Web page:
‘Where is the Life we have lost in living?’ asks the Chorus in T S Eliot’s The Rock. The Jesus of Matthew’s gospel is implicitly asking the same question as Eliot’s chorus. He is making much the same observation as Henry David Thoreau, ‘Most [people] lead lives of quiet desperation and go to the grave with the song still in them.’ As we attend to the ‘ordinary’, everyday things such as eating and drinking and working in the fields or wherever, we are invited to find life in the living and to sing the songs that are in us. We are to be agents of our own future rather than unthinking participants in the inevitable round of daily activities that have preoccupied humans from time immemorial.
Matthew’s Jesus invites us to contemplate the basileia or kingdom verities even as we attend to the demands of the present. He tells us to be ‘awake’, to be ‘ready’ all the time, not because death nor the end of the world are around the corner, but because we need to recognise the multiple ‘advents’ or arrivals of the Christ, the Human One, calling us beyond self-absorption to life.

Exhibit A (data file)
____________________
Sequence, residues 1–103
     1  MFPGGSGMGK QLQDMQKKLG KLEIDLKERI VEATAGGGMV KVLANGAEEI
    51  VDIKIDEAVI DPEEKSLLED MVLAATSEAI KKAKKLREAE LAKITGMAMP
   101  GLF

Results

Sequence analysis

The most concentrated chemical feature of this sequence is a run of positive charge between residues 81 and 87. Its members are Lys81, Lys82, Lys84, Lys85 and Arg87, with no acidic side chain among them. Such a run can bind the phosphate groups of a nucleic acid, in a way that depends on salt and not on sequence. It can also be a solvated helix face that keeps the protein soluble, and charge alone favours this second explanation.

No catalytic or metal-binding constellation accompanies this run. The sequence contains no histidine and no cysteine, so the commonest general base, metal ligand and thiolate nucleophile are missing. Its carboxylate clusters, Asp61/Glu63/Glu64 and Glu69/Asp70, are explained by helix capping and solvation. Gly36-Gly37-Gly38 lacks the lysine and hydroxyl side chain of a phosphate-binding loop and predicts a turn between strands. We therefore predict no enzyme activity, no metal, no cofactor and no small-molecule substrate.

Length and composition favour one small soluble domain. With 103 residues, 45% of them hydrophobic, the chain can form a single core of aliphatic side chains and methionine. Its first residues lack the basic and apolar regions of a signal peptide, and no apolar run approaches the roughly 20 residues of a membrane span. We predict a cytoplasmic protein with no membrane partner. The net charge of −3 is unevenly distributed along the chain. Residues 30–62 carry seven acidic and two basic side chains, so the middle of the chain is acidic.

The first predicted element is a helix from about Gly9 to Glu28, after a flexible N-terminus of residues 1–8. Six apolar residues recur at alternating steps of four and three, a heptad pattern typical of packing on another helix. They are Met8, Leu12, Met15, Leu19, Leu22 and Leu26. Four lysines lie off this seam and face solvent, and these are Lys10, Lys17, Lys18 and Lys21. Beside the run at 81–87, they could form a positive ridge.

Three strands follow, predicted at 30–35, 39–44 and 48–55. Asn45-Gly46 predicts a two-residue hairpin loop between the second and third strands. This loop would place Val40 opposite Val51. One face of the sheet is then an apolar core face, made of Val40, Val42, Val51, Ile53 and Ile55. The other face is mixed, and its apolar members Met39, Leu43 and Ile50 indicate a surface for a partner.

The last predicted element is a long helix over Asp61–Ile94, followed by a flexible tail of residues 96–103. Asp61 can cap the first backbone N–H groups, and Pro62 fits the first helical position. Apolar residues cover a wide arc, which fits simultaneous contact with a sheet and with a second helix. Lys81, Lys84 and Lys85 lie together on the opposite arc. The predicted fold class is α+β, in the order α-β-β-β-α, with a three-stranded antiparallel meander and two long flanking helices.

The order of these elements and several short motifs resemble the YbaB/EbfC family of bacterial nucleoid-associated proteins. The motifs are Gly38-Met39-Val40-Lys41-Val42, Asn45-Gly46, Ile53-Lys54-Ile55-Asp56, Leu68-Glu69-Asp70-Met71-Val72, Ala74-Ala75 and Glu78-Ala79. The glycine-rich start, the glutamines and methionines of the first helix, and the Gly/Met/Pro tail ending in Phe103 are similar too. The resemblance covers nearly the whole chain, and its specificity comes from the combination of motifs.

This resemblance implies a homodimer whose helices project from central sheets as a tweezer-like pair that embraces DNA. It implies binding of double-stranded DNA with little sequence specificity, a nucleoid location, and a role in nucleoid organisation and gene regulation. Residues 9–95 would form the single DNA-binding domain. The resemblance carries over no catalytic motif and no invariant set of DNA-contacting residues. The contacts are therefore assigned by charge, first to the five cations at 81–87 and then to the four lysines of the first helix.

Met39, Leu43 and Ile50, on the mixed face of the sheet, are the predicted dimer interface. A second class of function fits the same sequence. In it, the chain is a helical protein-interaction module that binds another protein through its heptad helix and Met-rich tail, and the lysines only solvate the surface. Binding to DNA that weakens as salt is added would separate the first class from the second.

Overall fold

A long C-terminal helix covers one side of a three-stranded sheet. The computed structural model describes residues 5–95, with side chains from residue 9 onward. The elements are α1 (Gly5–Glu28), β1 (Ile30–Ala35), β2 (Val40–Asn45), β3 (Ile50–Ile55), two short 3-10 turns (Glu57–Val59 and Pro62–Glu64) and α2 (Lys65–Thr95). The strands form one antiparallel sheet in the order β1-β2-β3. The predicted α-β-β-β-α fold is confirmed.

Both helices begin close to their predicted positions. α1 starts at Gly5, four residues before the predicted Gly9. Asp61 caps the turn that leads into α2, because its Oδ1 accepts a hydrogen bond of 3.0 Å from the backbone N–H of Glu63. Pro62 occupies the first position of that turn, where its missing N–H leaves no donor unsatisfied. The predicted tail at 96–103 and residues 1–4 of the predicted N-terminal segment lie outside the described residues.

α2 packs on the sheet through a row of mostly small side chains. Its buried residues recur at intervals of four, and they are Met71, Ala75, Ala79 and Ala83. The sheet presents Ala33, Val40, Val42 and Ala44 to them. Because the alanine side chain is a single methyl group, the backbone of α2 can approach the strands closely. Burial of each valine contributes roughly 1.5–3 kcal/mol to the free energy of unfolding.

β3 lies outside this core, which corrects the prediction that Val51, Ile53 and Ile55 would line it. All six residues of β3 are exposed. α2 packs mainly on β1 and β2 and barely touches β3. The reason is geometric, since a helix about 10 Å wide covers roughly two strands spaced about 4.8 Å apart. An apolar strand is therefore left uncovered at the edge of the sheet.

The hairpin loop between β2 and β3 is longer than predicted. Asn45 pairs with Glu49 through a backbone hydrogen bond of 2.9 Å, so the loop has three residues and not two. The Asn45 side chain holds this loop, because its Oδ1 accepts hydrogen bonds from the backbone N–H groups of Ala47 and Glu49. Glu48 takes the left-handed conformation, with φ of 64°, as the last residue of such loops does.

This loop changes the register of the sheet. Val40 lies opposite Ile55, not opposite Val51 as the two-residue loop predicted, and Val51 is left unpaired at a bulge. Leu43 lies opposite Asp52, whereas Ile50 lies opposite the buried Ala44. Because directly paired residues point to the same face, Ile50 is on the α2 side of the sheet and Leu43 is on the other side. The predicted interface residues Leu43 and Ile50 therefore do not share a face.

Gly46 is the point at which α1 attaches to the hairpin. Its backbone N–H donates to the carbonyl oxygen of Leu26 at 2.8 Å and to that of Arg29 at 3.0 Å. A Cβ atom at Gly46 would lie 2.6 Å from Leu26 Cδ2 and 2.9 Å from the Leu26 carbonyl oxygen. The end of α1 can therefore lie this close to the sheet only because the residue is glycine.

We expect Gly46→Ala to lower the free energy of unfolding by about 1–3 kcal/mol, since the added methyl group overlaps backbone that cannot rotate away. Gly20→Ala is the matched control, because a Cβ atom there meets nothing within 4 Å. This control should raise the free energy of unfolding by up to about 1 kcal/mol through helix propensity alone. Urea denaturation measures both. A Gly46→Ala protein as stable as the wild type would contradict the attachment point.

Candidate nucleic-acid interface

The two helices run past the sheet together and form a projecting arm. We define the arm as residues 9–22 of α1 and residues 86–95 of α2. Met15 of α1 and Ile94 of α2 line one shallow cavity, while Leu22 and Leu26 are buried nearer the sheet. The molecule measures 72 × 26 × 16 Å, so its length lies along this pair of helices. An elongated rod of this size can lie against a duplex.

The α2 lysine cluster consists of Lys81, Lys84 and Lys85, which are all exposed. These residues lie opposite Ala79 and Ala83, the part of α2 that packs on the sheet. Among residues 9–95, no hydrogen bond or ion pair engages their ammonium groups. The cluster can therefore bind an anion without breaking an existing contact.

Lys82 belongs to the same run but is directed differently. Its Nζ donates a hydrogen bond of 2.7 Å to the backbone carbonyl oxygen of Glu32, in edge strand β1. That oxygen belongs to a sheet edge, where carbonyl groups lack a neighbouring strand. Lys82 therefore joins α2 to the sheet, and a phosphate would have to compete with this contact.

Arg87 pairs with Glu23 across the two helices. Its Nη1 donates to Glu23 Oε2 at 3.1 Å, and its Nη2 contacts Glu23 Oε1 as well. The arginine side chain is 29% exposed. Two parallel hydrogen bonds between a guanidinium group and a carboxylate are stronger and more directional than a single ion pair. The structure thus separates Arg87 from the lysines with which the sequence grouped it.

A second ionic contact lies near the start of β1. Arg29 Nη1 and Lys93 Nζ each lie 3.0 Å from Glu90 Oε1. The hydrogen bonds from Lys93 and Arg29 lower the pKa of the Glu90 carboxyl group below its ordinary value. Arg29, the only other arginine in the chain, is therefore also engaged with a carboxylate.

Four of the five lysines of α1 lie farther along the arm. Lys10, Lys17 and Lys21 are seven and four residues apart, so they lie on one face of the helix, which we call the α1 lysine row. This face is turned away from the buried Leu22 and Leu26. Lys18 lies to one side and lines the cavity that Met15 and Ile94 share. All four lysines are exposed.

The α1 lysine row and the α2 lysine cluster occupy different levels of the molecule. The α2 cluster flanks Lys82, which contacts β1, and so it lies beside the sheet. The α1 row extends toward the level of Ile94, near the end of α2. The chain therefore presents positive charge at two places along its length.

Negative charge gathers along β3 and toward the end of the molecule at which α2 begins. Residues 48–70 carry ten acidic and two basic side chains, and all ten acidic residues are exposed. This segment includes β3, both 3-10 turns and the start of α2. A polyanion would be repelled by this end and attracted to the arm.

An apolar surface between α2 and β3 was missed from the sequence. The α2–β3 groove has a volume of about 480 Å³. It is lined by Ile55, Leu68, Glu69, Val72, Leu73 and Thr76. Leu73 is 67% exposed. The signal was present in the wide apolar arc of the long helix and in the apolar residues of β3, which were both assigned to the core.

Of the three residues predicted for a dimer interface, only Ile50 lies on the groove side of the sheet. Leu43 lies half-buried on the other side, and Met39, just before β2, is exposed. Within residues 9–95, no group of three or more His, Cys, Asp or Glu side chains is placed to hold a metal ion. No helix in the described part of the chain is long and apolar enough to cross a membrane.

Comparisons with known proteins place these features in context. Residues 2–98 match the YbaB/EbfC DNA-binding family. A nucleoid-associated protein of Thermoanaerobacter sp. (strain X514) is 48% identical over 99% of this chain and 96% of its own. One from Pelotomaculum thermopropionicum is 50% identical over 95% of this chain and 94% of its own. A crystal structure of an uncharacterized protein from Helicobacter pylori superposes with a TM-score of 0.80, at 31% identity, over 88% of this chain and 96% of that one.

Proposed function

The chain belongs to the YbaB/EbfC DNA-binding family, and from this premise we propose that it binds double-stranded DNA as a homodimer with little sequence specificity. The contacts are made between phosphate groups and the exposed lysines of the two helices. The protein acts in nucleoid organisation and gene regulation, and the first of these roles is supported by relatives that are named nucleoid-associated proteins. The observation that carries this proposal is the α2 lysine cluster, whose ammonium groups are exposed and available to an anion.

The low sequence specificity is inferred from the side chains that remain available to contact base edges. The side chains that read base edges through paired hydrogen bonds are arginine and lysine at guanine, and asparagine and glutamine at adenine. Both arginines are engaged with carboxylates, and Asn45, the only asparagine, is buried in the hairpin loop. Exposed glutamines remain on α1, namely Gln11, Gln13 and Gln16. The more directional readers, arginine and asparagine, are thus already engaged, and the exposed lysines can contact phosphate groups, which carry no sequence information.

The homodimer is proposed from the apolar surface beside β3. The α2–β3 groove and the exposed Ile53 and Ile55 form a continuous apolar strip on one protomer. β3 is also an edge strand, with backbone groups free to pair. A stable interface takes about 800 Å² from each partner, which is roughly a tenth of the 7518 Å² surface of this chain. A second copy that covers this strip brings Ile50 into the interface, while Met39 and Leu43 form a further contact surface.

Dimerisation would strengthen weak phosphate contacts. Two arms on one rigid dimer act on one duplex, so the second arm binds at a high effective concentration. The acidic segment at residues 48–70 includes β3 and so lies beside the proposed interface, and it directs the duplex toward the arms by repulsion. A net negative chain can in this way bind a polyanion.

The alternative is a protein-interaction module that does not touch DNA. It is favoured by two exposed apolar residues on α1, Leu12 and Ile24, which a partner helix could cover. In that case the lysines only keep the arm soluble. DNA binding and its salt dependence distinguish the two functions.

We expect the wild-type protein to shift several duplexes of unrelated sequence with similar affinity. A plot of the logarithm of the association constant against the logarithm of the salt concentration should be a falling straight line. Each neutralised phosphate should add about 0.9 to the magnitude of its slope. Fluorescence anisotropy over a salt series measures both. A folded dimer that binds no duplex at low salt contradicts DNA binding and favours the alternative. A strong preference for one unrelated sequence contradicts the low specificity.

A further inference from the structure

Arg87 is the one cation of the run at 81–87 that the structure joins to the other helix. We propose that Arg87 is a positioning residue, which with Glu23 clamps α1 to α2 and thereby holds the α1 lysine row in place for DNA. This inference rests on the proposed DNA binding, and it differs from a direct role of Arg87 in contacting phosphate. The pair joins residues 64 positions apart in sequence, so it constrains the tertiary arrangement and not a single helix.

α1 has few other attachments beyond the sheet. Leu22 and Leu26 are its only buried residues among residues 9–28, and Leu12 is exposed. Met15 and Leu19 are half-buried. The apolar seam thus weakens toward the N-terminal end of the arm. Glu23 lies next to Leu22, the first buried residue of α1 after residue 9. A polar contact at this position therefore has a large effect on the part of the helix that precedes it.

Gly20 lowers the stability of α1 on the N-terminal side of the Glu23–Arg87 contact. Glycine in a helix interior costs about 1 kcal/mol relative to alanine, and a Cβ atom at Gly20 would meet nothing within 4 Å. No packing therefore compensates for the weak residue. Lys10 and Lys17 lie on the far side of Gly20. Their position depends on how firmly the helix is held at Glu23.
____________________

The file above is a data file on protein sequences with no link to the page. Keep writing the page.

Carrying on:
Dreams and visions have always been the precursors to effective and life-giving change. We need the grace to see visions and to dream dreams that make for justice and peace and that permit us to walk more freely in the light of our God. We seek the grace to ‘see’ God’s word as did the prophet Isaiah in the first reading (Isa 2:1-5), to put our energy into creating life-generating systems that enable us to move forward in the paths of gospel compassion and love. We spend much of our time looking back. That has its place, since our history informs our present and helps us in shaping our future, though all the while we know with Auden that ‘[t]he past is a foreign country: they do things differently there’. Advent invites us to look forward rather than back and to dream gospel-inspired dreams that will enable creative change in our own lives and in the life of our planet.